You’ve got a workplace retirement plan. Fabulous! But there’s plenty your employer likely isn’t telling you — or doing for you —that’s costing you money. Here’s how your employer might be letting you down:
- We probably set you up to leave money on the table. Most workplace plans offer an employer-matching contribution, based on some sort of formula tied to what the employee contributes. A common setup is that an employer matches 50% of a worker’s contribution up to a limit. A common limit is 6% of salary; if the employee contributes at least 6% of salary, the employer will earn the maximum match of 3%.
But many employers set your default contribution rate too low to earn the maximum match. If the plan set you up to contribute 3% of your salary, your match would be just 1.5%. Callan, a benefits consulting firm, reports that just four in 10 plans chose a default contribution rate for employees that would ensure the maximum match. Lesson: Make sure you contribute at least enough to earn the maximum match. Not sure? Ping HR ASAP.
- You’re not saving enough. We’re not exactly helping. A rule of thumb is that someone in their 20s and 30s needs to save at least 10% to 15% a year to have a good chance at ample savings come retirement. According to a Transamerica survey, 55% of millennials contribute less than 10%.
- We might not offer a simple feature to help you save more. An elegant way to get employees to save more is auto-escalation: It raises a worker’s contribution rate on a set schedule, say one percentage point a year. Plans often require you to opt in to auto-escalation. That’s not very auto.
If your workplace lacks an escalation, step up and follow your own auto-escalation plan. Pick an annual date — birthday, hiring anniversary — and circle back to raise your contribution rate by at least one percentage point. Power move: Any time you get a raise, instantly siphon off at least half of it for retirement.
- We might not tell you, but the Roth is the smart choice for you. Most workplace plans now offer a traditional 401(k) or a Roth 401(k). The sole difference is when you pay tax. With a traditional, your contribution this year reduces your taxable income (so you’re getting an upfront tax break) but you pay income tax on every dollar withdrawn in retirement. With a Roth, there’s no upfront tax break; your contribution this year comes from money you’ve already paid tax on. But in retirement there will be no tax due on withdrawals.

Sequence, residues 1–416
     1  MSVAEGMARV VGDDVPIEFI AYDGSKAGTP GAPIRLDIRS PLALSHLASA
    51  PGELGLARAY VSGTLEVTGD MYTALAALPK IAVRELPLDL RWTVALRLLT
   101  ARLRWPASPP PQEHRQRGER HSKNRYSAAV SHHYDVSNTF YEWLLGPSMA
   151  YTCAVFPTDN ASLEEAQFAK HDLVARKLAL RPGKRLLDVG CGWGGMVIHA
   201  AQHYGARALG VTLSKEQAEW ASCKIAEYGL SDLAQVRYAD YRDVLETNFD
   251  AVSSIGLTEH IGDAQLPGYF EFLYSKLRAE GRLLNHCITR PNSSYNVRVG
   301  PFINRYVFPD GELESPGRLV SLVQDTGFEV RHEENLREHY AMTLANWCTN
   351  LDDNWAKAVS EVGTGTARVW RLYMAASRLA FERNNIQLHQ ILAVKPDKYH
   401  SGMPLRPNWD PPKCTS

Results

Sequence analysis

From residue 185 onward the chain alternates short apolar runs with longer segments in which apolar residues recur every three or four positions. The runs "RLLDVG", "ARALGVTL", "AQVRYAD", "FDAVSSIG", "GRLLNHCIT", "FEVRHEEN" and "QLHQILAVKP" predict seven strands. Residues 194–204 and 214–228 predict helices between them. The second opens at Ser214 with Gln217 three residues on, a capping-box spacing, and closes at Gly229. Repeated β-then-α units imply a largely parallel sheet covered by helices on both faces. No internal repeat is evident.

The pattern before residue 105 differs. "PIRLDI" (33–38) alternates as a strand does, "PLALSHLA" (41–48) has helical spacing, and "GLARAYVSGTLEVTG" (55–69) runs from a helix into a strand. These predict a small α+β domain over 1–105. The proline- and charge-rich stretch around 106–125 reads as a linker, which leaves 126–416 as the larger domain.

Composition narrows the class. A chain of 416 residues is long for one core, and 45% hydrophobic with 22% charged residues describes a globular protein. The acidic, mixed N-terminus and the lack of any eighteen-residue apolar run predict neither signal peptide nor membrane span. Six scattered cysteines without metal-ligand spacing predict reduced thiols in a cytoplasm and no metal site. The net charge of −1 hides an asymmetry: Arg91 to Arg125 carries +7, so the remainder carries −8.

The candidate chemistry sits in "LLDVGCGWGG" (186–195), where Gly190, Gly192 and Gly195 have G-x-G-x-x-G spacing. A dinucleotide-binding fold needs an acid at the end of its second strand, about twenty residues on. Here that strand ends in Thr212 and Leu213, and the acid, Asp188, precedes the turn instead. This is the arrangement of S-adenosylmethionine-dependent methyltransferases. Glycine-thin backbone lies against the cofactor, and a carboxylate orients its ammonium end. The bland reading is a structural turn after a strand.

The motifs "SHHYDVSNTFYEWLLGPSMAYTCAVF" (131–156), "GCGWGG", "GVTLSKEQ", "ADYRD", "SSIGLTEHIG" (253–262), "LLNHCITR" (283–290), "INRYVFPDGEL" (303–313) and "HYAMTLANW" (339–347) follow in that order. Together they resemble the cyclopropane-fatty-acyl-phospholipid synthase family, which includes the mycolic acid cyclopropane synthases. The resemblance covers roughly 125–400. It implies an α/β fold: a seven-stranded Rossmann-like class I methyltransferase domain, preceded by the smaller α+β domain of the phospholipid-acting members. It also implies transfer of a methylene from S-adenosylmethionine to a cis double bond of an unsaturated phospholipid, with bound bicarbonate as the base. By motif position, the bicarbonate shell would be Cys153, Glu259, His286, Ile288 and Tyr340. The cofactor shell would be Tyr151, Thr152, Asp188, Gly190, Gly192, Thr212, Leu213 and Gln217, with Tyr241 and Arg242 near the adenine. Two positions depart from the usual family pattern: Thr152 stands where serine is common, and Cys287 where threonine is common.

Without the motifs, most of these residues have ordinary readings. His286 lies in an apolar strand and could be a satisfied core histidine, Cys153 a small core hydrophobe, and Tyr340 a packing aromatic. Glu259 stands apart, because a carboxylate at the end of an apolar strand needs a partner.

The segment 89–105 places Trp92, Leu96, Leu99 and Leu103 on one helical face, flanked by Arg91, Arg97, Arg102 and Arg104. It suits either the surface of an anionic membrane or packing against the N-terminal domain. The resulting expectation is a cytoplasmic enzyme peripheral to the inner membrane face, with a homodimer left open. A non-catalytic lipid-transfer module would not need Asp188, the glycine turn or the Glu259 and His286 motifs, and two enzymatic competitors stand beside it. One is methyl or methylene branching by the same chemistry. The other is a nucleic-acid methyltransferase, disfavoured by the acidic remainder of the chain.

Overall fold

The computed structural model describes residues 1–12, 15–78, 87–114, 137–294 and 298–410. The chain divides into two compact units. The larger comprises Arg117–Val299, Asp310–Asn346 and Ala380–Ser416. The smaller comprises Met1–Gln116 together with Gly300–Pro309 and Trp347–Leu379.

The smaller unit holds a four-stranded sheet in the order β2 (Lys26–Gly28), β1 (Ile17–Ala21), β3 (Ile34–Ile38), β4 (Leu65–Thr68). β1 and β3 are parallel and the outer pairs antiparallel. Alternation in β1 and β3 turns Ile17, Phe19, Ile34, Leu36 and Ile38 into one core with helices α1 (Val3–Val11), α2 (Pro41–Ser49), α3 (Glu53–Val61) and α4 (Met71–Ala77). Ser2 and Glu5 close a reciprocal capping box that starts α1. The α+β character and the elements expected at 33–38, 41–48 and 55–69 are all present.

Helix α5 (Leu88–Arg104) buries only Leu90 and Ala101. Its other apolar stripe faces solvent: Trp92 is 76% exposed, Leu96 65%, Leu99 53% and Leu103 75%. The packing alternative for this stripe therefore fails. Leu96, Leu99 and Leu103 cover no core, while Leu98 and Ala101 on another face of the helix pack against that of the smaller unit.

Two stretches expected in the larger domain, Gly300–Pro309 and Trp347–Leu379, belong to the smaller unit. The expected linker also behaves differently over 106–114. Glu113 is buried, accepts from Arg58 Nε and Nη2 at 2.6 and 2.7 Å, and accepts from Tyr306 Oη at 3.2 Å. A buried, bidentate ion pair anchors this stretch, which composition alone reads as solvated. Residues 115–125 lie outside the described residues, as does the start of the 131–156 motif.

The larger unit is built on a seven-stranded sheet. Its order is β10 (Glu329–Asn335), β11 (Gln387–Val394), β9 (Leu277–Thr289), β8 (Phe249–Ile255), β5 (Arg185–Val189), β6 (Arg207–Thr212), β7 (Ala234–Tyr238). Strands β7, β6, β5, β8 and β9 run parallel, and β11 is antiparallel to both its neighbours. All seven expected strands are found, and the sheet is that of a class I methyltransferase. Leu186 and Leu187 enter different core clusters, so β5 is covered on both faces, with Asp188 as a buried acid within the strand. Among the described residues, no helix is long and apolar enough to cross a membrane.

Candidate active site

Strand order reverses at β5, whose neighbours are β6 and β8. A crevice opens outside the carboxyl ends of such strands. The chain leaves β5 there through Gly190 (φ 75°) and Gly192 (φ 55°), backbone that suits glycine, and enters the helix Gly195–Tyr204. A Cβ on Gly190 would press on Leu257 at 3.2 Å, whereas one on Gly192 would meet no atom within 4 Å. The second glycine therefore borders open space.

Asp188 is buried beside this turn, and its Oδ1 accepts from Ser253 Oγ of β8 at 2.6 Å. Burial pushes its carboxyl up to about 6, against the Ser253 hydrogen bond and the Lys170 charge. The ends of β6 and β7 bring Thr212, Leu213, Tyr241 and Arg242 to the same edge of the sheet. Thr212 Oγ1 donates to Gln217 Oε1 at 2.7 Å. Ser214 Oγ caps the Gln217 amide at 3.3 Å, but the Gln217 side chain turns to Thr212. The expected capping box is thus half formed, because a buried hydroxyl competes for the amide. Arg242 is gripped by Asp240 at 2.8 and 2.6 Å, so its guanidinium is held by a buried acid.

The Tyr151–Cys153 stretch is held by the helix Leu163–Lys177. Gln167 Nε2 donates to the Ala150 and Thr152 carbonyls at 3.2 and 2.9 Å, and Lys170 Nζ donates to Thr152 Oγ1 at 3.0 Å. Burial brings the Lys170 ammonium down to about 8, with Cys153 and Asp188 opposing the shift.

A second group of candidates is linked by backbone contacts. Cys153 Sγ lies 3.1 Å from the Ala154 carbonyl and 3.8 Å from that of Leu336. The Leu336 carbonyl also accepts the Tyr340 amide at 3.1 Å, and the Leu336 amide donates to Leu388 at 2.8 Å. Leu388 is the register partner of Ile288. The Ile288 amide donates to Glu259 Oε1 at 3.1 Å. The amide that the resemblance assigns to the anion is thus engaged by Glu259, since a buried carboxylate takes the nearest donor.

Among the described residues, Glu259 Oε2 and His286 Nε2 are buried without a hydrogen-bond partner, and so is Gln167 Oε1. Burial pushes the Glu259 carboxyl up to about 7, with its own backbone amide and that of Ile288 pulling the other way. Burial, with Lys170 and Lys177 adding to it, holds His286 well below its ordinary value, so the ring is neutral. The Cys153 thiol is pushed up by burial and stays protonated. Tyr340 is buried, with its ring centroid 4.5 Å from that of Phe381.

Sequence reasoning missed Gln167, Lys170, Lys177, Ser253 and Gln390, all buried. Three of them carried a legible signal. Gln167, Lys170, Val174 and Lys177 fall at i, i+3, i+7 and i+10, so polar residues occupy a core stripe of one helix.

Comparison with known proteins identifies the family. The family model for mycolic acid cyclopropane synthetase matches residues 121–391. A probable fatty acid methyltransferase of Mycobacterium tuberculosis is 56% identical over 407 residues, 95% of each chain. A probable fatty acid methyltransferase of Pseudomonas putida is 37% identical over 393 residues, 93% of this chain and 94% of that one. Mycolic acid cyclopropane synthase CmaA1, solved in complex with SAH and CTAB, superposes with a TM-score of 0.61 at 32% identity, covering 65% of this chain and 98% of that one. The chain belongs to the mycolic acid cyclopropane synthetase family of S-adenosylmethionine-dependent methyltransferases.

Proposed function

Younger adults should consider a Roth. You’ve likely yet to hit your peak earnings. So, your federal income tax bracket is lower. The value of the upfront tax break on a traditional account isn’t all that. The other issue is that right now tax rates are near historic lows, and the federal deficit sure isn’t. That suggests rates aren’t likely to stay low forever. Paying tax now on your retirement money — by saving in a Roth — is one way to insulate yourself from higher tax rates decades from now.
- We offer actively managed funds, but index funds are the better option. According to Callan, seven in 10 plans offer a mix of actively-managed funds or trusts, as well as “passive” index funds that track an investment benchmark. Index funds are the better choice. Most active managers fail to beat the index and they charge higher fees.
- We really should warn you against (over) investing in our company stock. Roughly one in three retirement plans surveyed by Callan offer company stock as an investment choice. Nearly six in 10 plans that offer company stock say they don’t set any cap on how much an employee can invest in company stock. The basic, irrefutable law of investment diversification is that a single stock is extremely risky. Let alone from a company you also rely on for employment. You can love your employer, be a true believer, but that doesn’t change the fact that having more than 5% to 10% allocated to company stock is irresponsibly risky.
- We could do a better job encouraging you to not raid your retirement account. Many plans offer employees the right to loan themselves money from their retirement account. The problem: Money you’ve taken out can’t grow; if it takes you years to pay back the money (with interest), those are years lost to compounding. And typically, people with a loan outstanding aren’t continuing to contribute to their account. And if life gets messy and you can’t repay, the IRS considers it a withdrawal, and penalty and taxes can be levied.
The loan option should be considered only for true financial emergencies: making rent and putting food on the table. Not to finance “wants.” Yet Transamerica reports 25% of millennials who borrowed from their retirement account used the money to purchase a car.
Permanently withdrawing money years before retirement is an even costlier mistake. Once you leave a job, federal rules that cover 401(k)s allow you to cash out those savings. Tempting for younger workers with smaller balances. Tell yourself it’s “just $10,000,” and you could use the money right now. Some employers force cash-outs for balances below $5,000. Others insist that if you want to cash out, it’s an all-or-nothing deal.
What would truly help boost retirement security is for employers to allow partial cash-outs (many do) and most importantly, show the opportunity cost — forgoing years of compounding — of cashing out today.
Carla Fried is a freelance personal finance journalist. Distributed by Tribune News Service.
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